Brownradge History, Family Crest & Coats of Arms
The Brownradge family roots are found in the Boernician Clan of ancient Scotland. They lived in or near one of the towns called Brownrigg, or Brownridge, in England. This surname comes from the Old English words brùn and hrycg, which mean brown and ridge, respectively. This surname was most commonly found in Yorkshire, however, the places called Brownrigg were found in Cumberland. This indicates that the bearer's of the surname Brownradge possibly moved from Cumberland to Yorkshire at some point.
Early Origins of the Brownradge family
The surname Brownradge was first found in East Lothian, where they held a family seat from very early times. "The lands of Alanshaw had as one boundary Burnerig (now Brounrig) in the time of Alan the Steward. " 
Early History of the Brownradge family
This web page shows only a small excerpt of our Brownradge research. Another 93 words (7 lines of text) covering the years 1089, 1592, 1659, 1642 and 1659 are included under the topic Early Brownradge History in all our PDF Extended History products and printed products wherever possible.
Brownradge Spelling Variations
In the Middles Ages scribes spelled names by their sound. Often a name was written under a different spelling variation each time it was recorded. Brownradge has appeared as Brownrigg, Brownridge, Burnrig, Brownrig and others.
Early Notables of the Brownradge family (pre 1700)
Notable amongst the family at this time was Ralph Brownrigg or Brownrig (1592-1659), Bishop of Exeter (1642 to 1659), Vice-Chancellor of the University of Cambridge; and Sir...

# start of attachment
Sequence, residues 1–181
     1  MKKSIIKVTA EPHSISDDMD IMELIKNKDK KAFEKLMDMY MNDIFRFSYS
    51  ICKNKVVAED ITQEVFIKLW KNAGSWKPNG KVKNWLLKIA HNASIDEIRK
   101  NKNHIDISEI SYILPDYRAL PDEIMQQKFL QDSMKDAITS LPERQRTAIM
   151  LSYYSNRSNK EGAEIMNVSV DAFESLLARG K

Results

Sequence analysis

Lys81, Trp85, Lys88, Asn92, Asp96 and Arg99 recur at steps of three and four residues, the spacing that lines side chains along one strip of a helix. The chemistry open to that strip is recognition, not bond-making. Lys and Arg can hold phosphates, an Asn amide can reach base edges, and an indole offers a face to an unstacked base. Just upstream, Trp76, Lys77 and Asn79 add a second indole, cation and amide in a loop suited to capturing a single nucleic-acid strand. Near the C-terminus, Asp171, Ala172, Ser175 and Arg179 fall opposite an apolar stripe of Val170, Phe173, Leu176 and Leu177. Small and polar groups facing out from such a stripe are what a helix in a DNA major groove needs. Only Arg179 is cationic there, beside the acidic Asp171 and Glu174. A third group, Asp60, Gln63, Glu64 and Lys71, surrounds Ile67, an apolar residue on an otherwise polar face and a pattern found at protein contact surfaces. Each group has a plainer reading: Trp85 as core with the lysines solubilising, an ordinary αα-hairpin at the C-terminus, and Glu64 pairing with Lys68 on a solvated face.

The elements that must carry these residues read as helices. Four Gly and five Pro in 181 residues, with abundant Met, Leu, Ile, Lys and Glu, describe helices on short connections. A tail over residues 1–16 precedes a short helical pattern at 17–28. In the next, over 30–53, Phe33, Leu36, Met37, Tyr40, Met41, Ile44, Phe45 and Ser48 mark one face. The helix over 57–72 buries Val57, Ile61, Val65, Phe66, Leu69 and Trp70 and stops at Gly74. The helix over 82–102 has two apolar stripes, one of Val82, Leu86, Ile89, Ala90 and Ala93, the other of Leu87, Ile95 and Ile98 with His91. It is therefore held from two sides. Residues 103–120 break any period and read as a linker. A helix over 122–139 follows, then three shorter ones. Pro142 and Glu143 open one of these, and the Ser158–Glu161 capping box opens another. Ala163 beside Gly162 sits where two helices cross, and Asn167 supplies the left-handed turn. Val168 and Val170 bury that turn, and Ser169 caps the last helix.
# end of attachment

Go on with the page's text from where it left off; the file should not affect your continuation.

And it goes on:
Migration of the Brownradge family to Ireland
Some of the Brownradge family moved to Ireland, but this topic is not covered in this excerpt. More information about their life in Ireland is included in all our PDF Extended History products and printed products wherever possible.
Migration of the Brownradge family
The ancestors of Boernician-Scottish settlers dot North America even today. They settled all along the east coast when they came over, but some went north as United Empire Loyalists at the time of the War of Independence. However, these strong lines endured as Scottish families in the United States and Canada have rediscovered much of the heritage that was taken from them centuries ago. Some of the first immigrants to cross the Atlantic and come to North America carried the name Brownradge, or a variant listed above: Mathew Brownridge settled in Virginia in 1637.
The motto was originally a war cry or slogan. Mottoes first began to be shown with arms in the 14th and 15th centuries, but were not in general use until the 17th century. Thus the oldest coats of arms generally do not include a motto. Mottoes seldom form part of the grant of arms: Under most heraldic authorities, a motto is an optional component of the coat of arms, and can be added to or changed at will; many families have chosen not to display a motto.
Motto: Virtute et sapientia
Motto Translation: By virtue and wisdom.